Drug Courts increase accountability for defendants. We focus on the treatment and rehabilitation needs of each defendant while ensuring public safety and reducing recidivism. We work closely with treatment providers to develop the best plan of action for each person. Treatment plans are individualized; what works for one person, may not work for another.

When a defendant graduates the program or even when they opt to sit their jail time, we encourage them to reach out for help if they are ever struggling. I have had many defendants reach out for help, which allowed us to connect them with services before they entered the criminal judges system again.” – Taylor Godfrey & Lindsey Barth

Deanna Roberts, Catalyst Life Services with probation officers from the Mansfield Municipal Court.

Progress Industries Annual Business Appreciation Breakfast

Catalyst Life Services is giving thanks to its business partners who employ participants of the CCMEP (Comprehensive Case Management Employment Program) and Success Unlimited programs. The businesses contracting with these programs were recognized at Catalyst’s annual Business Appreciation Breakfast on Wednesday September 25 in the lower level of Catalyst’s Rehab Center.

Across its various programs and partnerships, Catalyst serves approximately 300 youth and adult participants in as many as 80 paid work sites at any given time, with peak numbers seen in the summer while school is not in session.

These programs assist individuals with barriers to their employment and educational goals to gain experience in their desired employment sector. These individuals start at out at entry-level positions and receive on the job training and mentorship from their worksite supervisors and support from their employment specialists to ensure long-term participant success.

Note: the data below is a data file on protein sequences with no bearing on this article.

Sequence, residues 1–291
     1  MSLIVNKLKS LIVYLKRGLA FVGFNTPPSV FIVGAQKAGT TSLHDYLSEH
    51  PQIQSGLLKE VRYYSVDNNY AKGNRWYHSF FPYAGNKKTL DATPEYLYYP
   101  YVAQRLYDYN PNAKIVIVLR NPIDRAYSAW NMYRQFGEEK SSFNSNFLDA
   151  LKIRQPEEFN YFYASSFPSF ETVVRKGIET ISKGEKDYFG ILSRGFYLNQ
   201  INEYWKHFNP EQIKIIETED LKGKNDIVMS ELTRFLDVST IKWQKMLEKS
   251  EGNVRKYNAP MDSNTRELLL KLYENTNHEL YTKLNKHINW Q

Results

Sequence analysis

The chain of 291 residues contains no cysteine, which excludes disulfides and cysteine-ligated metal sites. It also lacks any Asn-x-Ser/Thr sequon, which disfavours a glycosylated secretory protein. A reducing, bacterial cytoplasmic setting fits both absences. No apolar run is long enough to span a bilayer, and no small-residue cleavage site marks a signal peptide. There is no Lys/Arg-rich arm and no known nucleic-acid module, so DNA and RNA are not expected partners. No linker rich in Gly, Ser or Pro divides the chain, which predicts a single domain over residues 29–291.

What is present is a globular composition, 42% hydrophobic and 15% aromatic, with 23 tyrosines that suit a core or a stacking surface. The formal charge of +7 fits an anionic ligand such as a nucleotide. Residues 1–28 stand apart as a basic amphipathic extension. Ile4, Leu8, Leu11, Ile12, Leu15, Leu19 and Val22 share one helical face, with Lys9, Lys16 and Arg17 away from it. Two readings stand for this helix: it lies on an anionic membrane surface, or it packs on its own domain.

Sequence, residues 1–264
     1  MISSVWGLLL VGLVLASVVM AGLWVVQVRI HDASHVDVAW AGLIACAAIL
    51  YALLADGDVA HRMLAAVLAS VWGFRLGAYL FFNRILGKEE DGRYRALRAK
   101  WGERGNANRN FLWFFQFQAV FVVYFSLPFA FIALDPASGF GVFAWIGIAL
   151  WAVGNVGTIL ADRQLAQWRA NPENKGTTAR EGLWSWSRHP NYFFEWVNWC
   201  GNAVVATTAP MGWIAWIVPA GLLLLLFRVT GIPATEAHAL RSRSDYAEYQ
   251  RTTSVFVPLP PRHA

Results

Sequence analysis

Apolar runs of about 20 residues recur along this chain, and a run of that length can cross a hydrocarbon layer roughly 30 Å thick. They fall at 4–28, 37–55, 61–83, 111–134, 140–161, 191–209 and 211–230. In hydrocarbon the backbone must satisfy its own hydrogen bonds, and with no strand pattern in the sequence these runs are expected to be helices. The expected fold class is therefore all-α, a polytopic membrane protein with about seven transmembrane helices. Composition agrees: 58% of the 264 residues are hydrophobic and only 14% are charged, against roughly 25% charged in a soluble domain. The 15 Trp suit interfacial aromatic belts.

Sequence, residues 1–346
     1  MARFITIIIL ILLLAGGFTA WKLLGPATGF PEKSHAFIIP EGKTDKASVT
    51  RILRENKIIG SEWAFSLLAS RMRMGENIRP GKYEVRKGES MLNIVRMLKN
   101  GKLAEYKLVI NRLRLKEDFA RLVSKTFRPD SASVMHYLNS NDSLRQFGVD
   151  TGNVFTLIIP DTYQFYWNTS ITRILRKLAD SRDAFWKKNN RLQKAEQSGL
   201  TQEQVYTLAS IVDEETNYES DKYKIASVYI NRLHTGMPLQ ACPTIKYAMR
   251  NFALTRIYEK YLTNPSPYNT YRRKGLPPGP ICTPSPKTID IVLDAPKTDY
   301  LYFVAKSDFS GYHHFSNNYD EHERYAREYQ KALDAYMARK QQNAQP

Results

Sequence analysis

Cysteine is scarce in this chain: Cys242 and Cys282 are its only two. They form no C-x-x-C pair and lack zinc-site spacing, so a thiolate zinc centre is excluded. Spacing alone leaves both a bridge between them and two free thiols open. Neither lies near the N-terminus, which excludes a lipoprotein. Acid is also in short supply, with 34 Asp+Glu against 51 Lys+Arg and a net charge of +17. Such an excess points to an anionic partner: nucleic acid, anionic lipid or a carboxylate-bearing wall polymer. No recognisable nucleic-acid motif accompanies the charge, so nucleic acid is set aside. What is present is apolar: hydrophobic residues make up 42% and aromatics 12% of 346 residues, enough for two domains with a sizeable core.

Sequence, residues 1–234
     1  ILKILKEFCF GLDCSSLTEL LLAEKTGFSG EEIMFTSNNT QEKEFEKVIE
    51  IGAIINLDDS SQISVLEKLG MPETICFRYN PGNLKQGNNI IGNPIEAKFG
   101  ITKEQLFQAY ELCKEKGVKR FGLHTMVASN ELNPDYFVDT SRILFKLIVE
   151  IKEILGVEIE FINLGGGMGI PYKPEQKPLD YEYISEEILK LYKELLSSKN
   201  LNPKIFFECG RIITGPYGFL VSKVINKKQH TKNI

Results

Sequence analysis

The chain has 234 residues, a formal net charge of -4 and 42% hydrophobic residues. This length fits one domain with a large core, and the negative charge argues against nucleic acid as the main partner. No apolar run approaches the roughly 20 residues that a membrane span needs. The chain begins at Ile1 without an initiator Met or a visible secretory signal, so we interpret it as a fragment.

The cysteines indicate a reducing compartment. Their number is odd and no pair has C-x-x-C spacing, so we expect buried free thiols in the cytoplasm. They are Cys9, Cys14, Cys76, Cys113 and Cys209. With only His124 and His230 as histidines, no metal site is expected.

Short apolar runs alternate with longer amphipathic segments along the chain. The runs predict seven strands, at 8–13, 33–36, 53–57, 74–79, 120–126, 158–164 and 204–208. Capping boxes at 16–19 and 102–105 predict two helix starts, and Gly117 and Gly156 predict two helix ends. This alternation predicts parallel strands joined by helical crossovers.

Program Director, Mitch Jacobsen, stated, “This breakfast serves a dual purpose for these programs, as we have the opportunity to give thanks to our business partners and further spread the message of our successes from the participant perspective.”

One such success is Coryanna Fraley, a self-described single mother who arrived in need of assistance and who has leveraged that into her status as a full time college student and part-time employee at Parent Aide through this program.

“Coryanna is what this program is all about” said Jacobsen, “She embodies what we would like to see from all of our participants and we couldn’t be more proud of her accomplishments.”

While the program has nearly doubled in size from the previous year, Catalyst is excited for what’s to come over the next year, and looks forward to the opportunity to engage even more businesses in the future.

For more coverage on this event, please visit: https://www.wmfd.com/news/single.asp?story=79927&fbclid=IwAR3a6UzicFtBudaM5aZk9KKmGYLf1Wz5IJRcAV5W1cSP1MsnxnCGiRGrvVU

For more information about these programs and how to partner, visit www.catalystlifeservices.org/vocational-services/

vocation progress industriesIt’s that time of year again!

The weather turns colder, the leaves begin changing colors, and “Help Wanted” signs are posted in every retailer’s window.

In many cases, seasonal positions are a great option for individuals seeking part-time employment. What might you want to review before coming to the decision to apply for such a position? How might you improve your chances of successfully obtaining such a position? Remember these simple tips in order to make your job search more successful.

To determine whether an open position might be a good fit for you, start by thinking about what skills someone might utilize in such a position. Consider how the business or employer might frame those into a position posting online. Then begin asking yourself questions relating back to the requirements of the position, for example:

  1. Am I someone who enjoys working with other people and interacting with customers?
  2. Do I have a flexible schedule and am willing to work evenings and weekends?
  3. Am I someone who thrives in a fast-paced environment?

By understanding yourself and your intent in your job search, you can ensure higher levels of success as you progress through the job seeking process. It is important that you first assess the position or industry as a fit for you as a prospective job seeker. There are number of online assessments that can guide you through this process as well. Assess your preferences and attitudes to find a position that fits your needs.